Last year, amid no little controversy, GW and Hachette Partworks launched the second Warhammer 40k part-work series, Conquest – a weekly magazine that comes with pretty much all of the stuff you’ll need to build and paint two armies, Space Marines and Death Guard. It was a pretty neat idea, and a wonderful starting point for perhaps the more younger crowd of folks who might be wanting to get into the game. For just £7.99 per week, you’d get a magazine with some background, building and painting guides, and tutorial games that build up slowly the rules for 40k.
The controversy wasn’t just the price, of course, but also the fact that it was such a limited distribution, initially just in the UK. Over the summer of 2018 there were no end of social media posts being made, decrying the fact that the magazine wasn’t available overseas, although Hachette has since been rolling it out into a number of other countries, so I’m guessing it’ll be available like this for a while yet.
At the time, I was torn. Having been quite the enthusiastic part-work collector as a child, I had never managed to actually stick with anything to get a complete collection. Well, I’m an adult now, so thought I might actually try and do it this time, and with something that I am interested in. Well, it was a nice thought, but therein lies a problem: I’m only vaguely interested in marines, and Death Guard are on my absolute periphery. I also picked up Dark Imperium when it came out in 2017, so I have a lot of the models that were being included with the magazine already. Did I really want to get into this collection?
When the publicity shot was released, I decided I’d collect it until the Redemptor Dreadnought came out – reasoning, I wouldn’t begrudge spending £16 to get the model. (I know I’d be spending however much to get to that point, of course, but this made sense to me at the time!) The other day, I took delivery of the Dreadnought, and brought my collection up to issue 26, and so I’ve decided it’s time to stop. I’ve got one ring binder that is quite nicely full of the magazine, and while I’ve actually been selling off pretty much all of the miniatures as they’ve been coming to me, I have kept a few back, thinking I might like to keep small armies of Primaris Marines and Death Guard for the future. Well, with Shadowspear on the horizon, that idea has proven to be quite a good one, I think!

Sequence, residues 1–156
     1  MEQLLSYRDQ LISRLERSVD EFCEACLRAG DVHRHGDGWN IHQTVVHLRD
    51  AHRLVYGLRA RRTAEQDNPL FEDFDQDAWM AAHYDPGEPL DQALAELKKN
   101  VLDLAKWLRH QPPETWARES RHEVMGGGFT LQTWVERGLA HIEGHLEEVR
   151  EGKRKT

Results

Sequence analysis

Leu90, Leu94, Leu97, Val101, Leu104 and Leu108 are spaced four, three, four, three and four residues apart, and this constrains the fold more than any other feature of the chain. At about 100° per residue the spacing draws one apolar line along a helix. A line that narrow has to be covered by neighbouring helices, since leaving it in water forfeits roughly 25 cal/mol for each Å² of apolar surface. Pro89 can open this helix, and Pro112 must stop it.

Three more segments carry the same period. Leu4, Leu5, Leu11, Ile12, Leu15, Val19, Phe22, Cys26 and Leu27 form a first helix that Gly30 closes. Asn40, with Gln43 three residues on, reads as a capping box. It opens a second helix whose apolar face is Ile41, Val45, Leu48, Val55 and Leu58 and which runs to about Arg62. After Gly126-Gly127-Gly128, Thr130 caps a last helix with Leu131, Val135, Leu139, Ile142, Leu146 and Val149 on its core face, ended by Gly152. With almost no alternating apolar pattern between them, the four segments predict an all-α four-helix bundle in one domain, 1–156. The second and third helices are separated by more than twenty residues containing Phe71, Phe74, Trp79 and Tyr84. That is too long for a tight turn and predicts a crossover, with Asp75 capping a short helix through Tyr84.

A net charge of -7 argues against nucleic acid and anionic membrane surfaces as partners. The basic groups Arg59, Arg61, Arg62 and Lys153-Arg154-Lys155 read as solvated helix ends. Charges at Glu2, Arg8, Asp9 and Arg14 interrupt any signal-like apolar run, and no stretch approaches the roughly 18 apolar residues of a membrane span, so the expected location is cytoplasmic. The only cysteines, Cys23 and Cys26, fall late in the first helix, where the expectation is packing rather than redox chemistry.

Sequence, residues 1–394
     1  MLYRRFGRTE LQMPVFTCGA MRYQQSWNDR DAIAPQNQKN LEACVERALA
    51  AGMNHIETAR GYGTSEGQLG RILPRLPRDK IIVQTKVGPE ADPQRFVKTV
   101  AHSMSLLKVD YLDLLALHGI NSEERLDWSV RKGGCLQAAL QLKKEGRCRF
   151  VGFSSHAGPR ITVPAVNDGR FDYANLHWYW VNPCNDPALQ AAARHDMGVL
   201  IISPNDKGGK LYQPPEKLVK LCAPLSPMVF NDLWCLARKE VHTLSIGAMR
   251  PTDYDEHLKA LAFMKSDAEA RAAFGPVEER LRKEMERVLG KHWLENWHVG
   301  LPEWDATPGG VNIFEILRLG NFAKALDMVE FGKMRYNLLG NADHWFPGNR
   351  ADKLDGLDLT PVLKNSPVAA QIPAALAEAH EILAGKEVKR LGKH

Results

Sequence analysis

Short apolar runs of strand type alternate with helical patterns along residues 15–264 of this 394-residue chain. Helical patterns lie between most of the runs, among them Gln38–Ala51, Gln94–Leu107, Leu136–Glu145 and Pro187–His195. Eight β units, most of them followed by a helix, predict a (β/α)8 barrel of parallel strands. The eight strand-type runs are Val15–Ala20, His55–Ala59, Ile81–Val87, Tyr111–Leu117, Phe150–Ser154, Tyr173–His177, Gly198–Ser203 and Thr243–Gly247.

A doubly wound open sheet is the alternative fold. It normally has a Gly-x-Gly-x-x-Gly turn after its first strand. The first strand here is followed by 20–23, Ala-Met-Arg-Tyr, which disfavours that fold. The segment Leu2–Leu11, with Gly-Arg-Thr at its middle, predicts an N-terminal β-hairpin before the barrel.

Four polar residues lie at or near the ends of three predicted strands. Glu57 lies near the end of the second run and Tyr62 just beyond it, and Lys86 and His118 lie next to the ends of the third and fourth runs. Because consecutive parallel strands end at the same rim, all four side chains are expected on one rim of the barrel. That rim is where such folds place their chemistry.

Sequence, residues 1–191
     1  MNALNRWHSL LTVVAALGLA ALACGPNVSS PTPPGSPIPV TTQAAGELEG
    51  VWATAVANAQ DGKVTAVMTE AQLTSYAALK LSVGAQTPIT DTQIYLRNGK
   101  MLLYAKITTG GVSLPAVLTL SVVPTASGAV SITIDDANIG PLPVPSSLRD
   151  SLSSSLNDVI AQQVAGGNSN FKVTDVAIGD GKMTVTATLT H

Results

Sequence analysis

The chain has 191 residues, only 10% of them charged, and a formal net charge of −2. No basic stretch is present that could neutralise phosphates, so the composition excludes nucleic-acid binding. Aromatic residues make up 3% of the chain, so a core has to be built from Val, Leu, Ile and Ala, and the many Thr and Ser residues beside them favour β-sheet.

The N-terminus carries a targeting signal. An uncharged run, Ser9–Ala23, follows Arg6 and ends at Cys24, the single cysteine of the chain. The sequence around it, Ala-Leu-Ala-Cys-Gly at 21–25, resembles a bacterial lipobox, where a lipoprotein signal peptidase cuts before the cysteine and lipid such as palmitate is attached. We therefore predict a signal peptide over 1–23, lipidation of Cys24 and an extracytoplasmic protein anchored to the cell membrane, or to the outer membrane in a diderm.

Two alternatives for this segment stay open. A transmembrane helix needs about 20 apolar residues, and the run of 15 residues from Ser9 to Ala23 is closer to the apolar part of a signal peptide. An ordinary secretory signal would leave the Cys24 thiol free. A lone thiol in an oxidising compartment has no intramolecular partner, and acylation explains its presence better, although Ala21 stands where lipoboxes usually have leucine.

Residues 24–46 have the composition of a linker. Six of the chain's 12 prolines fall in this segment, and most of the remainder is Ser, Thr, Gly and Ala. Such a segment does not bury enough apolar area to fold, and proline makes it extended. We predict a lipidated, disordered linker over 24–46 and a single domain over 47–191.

But now that I’ve reached this point, I thought it might be good to come along here and talk a bit about what I think about the magazine, as we’re well over a quarter of the way through the collection at this point.
Let’s get the miniatures out of the way first. They’re an eclectic mix of models, predominantly Dark Imperium Primaris Marines and Death Guard, along with the easy-to-build kits from both factions that have been released so far. There are lots of Poxwalkers, as well as some of the character models, which I was quite impressed to see. We’ve also had one exclusive model so far, Lieutenant Calsius (a Primaris Lieutenant, who knew?) that seems to have been included almost as a stunt to keep people hooked into their subscription past the first three issues.
When Conquest was launched in Spain, the entire collection was leaked online, and you can see the contents of each issue right up to 80 over on bolter and chainsword, here. The only issue that I’m actually considering getting beyond the 26 that I currently have is 54, which comes with Typhus, but I don’t think I’d lose any sleep over missing it, and ultimately, I could always pick him up for cheaper than the cost of continuing the subscription.
Alongside the army miniatures, we’re also getting a lot of terrain. So far, I’ve had the Munitorum Armoured Containers (all three, to add to the set I bought originally, and those that have come in with some of the Kill Team faction boxes – so I could pretty much set up my own shipping company with the amount of crates I have now!) but there are also such gems as the Haemotrope Reactors, the Servohaulers, and plenty more of the Sector Mechanicum stuff. The series also includes fold-out battle maps to play games on, which is quite nice.